Keep in mind the coalition plan requires the use of an existing copper network *that the government no longer owns* - never in history has any country ever tried to roll out a FTTN network using *someone else's* privately owned copper that the government needs to acquire.
Also, FWIW, the "$40 billion, with hardly any fibre in the ground" is a fallacy, and anyone with any idea would know it - most of the spend so far has been backhaul and planning, both of which had to occur, and are being used by the coalition's plan.
The coalition were brought to power on the promise of faster rollout and cheaper rollout - with the entire board resigning, and new contracts having to be renegotiated (not to mention the need to get Telstra's copper) that's looking further and further from reality.
From the article:
"but some people report that the photo-mangling service rejected connections from the elderly devices."
So the oft -touted slogan about Apple products and how "it just works" goes out the window. Apple had a small and loyal fanbase for whom the latest and greatest was worth enduring the short amount of time products stayed ahead of the curve. This, along with the iPhone 5¢, seems to mark the end of the uber-successful Jobsian era, and the beginning of the relentless pursuit of market share under the Cooksian regime.
According to Antony Green's blog, there's a 10% allowance of errors if voting below the line- if you put a number out of sequence or double up one or two numbers, the vote is still considered formal. You can also vote both above *and* below the line, and the below the line vote takes preference - if it's invalid, then the above the line vote counts.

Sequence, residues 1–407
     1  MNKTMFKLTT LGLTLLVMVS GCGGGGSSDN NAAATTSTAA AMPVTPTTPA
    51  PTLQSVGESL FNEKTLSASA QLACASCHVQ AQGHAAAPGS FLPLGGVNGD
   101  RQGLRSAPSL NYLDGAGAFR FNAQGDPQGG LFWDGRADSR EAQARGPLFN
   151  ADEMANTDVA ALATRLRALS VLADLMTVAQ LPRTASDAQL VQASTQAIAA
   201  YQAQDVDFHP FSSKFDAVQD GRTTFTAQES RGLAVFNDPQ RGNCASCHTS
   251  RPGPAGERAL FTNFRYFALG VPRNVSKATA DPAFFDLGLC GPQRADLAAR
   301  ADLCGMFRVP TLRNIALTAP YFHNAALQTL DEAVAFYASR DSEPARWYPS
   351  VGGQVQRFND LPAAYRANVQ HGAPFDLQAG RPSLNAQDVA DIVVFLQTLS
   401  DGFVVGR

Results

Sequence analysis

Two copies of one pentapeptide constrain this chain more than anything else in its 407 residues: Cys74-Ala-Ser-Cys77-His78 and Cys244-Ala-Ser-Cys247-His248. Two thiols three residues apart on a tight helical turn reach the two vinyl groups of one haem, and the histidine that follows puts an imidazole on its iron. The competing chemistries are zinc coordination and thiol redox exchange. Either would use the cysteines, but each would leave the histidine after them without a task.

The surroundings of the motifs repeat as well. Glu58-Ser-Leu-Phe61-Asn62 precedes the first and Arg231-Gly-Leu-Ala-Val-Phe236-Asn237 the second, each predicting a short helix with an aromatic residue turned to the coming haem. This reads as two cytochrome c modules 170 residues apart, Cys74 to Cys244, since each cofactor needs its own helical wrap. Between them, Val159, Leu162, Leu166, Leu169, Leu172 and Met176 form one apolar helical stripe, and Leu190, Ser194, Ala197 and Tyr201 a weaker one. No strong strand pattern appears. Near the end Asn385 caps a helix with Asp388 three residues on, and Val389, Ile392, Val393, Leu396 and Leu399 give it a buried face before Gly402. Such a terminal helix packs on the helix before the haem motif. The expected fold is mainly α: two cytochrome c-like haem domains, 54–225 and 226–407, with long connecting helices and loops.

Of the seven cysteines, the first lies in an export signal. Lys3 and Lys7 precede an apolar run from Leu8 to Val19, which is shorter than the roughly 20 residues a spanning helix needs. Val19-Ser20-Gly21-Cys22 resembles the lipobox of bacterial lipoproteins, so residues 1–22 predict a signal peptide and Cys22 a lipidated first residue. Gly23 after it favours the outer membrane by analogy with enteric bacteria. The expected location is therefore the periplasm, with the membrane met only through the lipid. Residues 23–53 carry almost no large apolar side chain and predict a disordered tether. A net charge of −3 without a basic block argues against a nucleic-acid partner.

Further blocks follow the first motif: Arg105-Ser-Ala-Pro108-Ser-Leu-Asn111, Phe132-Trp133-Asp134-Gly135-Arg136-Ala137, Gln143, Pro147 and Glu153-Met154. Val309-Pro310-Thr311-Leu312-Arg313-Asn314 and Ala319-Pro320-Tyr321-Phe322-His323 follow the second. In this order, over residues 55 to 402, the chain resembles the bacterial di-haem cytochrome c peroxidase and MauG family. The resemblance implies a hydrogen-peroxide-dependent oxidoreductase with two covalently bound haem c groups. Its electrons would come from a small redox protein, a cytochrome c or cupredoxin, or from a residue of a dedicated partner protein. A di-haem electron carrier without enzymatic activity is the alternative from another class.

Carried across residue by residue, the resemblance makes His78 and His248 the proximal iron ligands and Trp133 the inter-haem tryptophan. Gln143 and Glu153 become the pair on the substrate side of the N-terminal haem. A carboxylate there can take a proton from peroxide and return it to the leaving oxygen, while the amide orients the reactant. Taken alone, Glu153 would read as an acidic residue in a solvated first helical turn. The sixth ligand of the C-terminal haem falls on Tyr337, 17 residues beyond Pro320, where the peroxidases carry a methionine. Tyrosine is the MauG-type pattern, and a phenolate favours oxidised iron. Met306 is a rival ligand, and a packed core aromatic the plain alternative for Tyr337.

assuming the people making these objects are also doing at least *some* designing themselves, and uploading their efforts (isn't that what open source is all about? Give *and* take?) then the equivalent cost of labour needs to be factored in. There's no point in saving yourself $4.50 by designing and making your own garlic press if you had to take a day off work @$30p/h in order to design, refine and build it (not to mention learning CAD skills, how to operate/set up the machine, etc.
As a hobby it makes sense, hell I'd love to fiddle with one once the price becomes a bit more accessible, but as a true cost saving device the argument is very shaky.
It's very simple:
The two-digit U.S. Routes follow a simple grid, in which odd-numbered routes run generally north to south and even-numbered routes run generally east to west. (US 101 is considered a two-digit route, its "first digit" being 10.) The numbering pattern for U.S. Routes is the reverse of that for the Interstate Highway numbers—U.S. Routes proceed from low even numbers in the north to high even numbers in the south, and from low odd numbers in the east to high odd numbers in the west. Numbers ending in 0 or 1 (and US 2), and to a lesser extent in 5, were considered main routes in the early numbering, but extensions and truncations have made this distinction largely meaningless. For example, US 6 was until 1964 the longest route (that distinction now belongs to US 20). The Interstate Highway System's numbering grid, which has numbers increasing from west-to-east and south-to-north, is intentionally opposite from the U.S. grid, to keep identically numbered routes apart and to keep them from being confused with one another.